Recently I was invited on to Awaz FM – a radio station in Glasgow, Scotland – to do just that. While on the show, the host (Amjid Bashir) asked me a range of questions regarding love, marriage, and finding the right partner.
The full show can be viewed above.
Some of the discussion points include:
To receive more of my insights on marriage...
Delaying marriage into the late 20’s and early 30’s has become a growing trend. Many young people or their parents will only actively start looking for potential spouses after formal education or a few years of being in the workplace. Attendance at marriage events or a cursory glance at matrimonial sites shows the average age of people looking has increased.
There are a wide variety of reasons as to why some Muslims do not marry until much later on in life. From these, the most common include being occupied with studies, parental obstacles, a feeling of not being “ready” or mature enough (whether that’s held by the person or their parents) or financial difficulties. In some cases, individuals do make a great effort to get married but just can’t seem to find “the one” and for others marriage just isn’t an attractive concept at all.
But is delaying marriage an issue and something to be concerned about? Is there really a...
Many years ago, I read a short book by a scholar  called “Have Mercy on Our Youth”. The scholar was calling for society to make marriage easier for young people, citing how hard it had become to get married at a time when the doors to unlawful behaviour like fornication had become so open and multifold. Written many years ago, I sometimes wonder what he would write if he were alive today.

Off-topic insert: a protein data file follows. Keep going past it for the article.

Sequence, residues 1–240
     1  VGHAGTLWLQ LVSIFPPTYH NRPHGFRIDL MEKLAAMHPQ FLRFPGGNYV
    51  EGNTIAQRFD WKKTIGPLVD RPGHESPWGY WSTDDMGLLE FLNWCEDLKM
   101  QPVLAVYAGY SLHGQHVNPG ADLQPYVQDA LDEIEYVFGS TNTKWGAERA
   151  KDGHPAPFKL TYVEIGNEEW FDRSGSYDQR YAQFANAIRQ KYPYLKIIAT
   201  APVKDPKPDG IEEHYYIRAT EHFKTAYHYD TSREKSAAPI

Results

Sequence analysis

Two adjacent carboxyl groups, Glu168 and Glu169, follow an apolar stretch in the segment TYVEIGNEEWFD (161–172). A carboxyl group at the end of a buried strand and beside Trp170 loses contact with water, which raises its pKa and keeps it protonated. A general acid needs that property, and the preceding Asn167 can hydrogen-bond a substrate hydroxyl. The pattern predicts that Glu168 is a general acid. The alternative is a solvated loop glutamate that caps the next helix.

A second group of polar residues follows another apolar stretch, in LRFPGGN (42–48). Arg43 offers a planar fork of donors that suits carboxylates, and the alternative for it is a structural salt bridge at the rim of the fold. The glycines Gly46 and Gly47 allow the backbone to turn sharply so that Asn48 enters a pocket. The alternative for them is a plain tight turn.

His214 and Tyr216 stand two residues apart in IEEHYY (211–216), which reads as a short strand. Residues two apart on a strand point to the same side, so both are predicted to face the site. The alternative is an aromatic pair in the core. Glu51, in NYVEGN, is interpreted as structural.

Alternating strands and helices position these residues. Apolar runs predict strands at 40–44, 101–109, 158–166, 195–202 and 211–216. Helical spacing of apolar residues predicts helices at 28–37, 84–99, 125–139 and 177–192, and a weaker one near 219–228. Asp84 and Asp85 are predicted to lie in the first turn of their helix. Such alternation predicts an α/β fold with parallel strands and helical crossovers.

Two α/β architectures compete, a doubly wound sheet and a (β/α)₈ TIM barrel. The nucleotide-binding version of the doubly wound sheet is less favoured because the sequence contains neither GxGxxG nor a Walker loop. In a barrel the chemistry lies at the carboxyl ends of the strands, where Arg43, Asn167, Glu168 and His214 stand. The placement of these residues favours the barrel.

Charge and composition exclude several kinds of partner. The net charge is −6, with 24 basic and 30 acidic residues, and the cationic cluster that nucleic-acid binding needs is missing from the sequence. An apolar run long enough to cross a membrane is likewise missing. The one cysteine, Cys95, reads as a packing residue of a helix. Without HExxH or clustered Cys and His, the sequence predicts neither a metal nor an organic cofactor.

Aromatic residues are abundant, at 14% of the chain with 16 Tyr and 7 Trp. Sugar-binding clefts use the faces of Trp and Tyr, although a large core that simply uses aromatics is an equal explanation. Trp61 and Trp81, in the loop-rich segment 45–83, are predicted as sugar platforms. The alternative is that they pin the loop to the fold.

Marriage is such a massive part of our lives and weddings are big social occasions for families and friends.The Prophet ﷺ said:
“Marriage is part of my way (sunnah), and whoever does not follow my way (sunnah) has nothing to do with me.” (Ibn Majah)
Marriage at the time of the Prophet ﷺ was simple and made easy. The Prophet ﷺ called for dowry (mahr) to be light  and pushed young people to marry.
“O young men, whoever among you can afford to get married, let him do so, and whoever cannot afford it, let him fast, for that will be a shield for...
Every time we watch or read the news, there seems to be another crisis developing in the Muslim world. Whether it’s Africa, Asia or the Middle-East Muslims seem to be in turmoil. Some of us living in the West are moved by what we see and try to help in different ways, like organising and attending charity dinners. More often than not, a lot of awareness is created and generous donations are made. However, unlike war, earthquakes or famine, when a crisis does not make the headlines, our reaction is much more subdued. As time has gone on, more and more of us are beginning to realise that there is a silent crisis unfolding across Muslim communities in the West. Yet many of us are oblivious to how serious and grave the situation currently is and will continue to be in the future. This silent crisis is the erosion of the very fabric of our communities: the family.
In my capacity as a family support consultant for a Muslim charity that works to strengthen the Muslim family, I see...